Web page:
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Dear Lauren,  

Would you please tell me if the following sentence is acceptable or not:

“Lei ci ha ditto sulla sua malattia.”
She told us about your illness.

Would you also please tell me if the following parsing is correct:

Lei  (subject)  =  she
ci  (direct object pronoun)  =  us
ha ditto  (verb)  =  told
su  (preposition)  =  about
la sua  (possessive adjective)  =  your
malattia  (noun)  =  illness

Thank you very much.



Hello Rich,

here's the Italian translation for the expression "She told us about your illness":
"Lei ci ha detto della tua malattia".
Literally, it should be translated "Ella ci ha detto della tua malattia", but it wouldn't sound fluent, especially in oral speech. By the way, keep in mind that it could be preferable in formal written composition.
Let's see now the sentence “Lei ci ha ditto sulla sua malattia.”. The only mistake here is the word "ditto": the right spelling is "detto".
To mean "about" you can use "sulla", but in this case it would sound better "della". That's just because of the verb "dire". You could use "informare" (to inform) and it would be "Lei ci ha informati sulla sua malattia".
It's not easy to learn how to use "di" or "su" to mean "about".
Finally, I notice that you translate "your" with "sua": I suppose, then, that you're meaning a formal speech, in which the polite "lei" form is used. The expression is therefore correct:

Lei ci ha detto sulla/della sua malattia .

You could use Ella ci ha detto della sua malattia as a totally formal expression, or Lei ci ha detto della tua malattia as a totally informal one.

As for the parsing, the pronoun "ci" in the Italian sentence is indirect object: it stands for "a noi"; it is called "complemento di termine".

Thank you for your question, I hope this could help! Good bye!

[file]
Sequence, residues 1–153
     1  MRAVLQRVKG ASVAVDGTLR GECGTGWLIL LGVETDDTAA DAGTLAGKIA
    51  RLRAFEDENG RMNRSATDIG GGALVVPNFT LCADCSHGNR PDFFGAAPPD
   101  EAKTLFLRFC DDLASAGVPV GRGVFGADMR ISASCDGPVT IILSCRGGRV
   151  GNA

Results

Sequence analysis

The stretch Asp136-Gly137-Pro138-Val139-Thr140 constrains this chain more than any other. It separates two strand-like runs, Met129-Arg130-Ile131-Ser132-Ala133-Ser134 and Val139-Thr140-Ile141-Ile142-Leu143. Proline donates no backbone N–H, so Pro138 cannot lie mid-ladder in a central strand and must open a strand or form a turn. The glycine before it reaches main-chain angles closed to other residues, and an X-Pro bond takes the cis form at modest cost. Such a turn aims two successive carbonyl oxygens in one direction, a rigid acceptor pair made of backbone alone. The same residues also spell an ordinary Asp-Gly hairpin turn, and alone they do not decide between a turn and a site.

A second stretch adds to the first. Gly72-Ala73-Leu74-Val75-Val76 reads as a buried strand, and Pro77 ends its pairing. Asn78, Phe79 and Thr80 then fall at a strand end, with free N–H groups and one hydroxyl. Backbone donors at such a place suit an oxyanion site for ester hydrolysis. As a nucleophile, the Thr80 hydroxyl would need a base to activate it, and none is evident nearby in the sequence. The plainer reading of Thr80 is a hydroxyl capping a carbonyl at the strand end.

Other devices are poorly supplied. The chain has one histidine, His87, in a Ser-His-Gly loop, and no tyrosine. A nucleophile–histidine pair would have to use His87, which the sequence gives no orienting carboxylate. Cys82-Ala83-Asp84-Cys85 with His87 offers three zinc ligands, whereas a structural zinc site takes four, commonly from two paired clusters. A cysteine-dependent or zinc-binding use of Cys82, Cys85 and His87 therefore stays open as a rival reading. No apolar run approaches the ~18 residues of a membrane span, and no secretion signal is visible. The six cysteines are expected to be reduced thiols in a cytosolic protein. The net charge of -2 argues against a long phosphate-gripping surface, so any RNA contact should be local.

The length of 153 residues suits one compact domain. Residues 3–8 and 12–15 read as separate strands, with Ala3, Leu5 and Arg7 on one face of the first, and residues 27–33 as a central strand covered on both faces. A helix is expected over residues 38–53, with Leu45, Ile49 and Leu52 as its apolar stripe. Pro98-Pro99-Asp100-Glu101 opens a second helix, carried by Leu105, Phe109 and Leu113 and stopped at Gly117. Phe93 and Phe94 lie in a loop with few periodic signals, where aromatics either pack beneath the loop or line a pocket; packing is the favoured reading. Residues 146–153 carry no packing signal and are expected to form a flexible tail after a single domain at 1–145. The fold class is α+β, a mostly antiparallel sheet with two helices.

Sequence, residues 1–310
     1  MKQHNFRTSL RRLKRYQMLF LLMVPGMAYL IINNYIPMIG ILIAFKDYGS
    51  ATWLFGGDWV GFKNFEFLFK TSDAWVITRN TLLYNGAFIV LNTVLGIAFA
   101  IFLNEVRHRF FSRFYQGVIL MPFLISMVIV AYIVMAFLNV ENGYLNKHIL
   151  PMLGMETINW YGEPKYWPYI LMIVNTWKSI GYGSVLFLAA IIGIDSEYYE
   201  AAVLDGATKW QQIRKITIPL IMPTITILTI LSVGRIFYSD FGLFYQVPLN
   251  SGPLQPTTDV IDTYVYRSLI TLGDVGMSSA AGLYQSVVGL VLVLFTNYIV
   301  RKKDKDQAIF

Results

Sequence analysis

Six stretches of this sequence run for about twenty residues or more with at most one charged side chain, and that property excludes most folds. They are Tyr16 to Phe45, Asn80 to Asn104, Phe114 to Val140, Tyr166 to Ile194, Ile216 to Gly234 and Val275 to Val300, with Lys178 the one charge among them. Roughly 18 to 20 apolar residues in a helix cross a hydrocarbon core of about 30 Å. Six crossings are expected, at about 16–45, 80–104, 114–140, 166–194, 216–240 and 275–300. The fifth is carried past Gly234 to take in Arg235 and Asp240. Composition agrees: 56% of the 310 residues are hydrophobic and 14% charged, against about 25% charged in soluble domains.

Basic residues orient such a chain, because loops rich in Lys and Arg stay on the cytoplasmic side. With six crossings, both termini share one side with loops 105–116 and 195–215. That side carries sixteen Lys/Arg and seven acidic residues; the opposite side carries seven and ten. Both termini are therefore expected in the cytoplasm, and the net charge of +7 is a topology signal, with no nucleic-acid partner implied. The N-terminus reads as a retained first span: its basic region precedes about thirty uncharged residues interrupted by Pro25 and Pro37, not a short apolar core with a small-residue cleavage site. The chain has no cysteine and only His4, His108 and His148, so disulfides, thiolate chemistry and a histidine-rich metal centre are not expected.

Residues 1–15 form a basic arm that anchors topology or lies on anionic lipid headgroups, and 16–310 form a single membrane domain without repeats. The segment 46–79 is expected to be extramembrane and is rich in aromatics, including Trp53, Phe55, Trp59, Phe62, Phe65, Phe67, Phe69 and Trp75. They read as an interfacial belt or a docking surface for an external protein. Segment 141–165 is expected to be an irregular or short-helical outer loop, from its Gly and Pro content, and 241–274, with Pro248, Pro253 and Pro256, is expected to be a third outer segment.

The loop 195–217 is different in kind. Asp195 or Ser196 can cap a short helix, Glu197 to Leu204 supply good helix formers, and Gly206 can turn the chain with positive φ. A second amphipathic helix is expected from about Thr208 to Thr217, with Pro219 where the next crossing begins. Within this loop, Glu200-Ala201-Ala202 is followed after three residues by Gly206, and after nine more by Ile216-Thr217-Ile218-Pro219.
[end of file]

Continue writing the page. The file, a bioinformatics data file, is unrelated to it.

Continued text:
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I read and correct your italian texts, either translations or written compositions. I read or listen to your oral compositions, readings and speechs and help you improve your pronunciation and style. I read and correct also your advertising short and medium texts. I answer questions about Italian language, slang, style, punctuation. I don't answer about dialects and specific local slang.


I'm mother tongue; I graduated at Classic Lyceum (100/100), studying classic Italian language and classic Latin and Greek. The 5 years long daily exercise in translation from ancient Latin and Greek to modern Italian taught me to appreciate a correct italian translation and/or text composition. I graduated at University in Law studies and Jurisprudence, learning to appreciate deep differences between a strictly specific and technical language and other styles. I'm currently PhD candidate in Philosophy of Law. I read fiction, classic novels, philosophical books and papers, legal books and papers.

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Italian mother tongue; diploma at Liceo Classico (100/100; year 2001); Laurea at University (110/110 cum laude; year 2008); PhD in Law: Philosophy of Law and Sociology of Law

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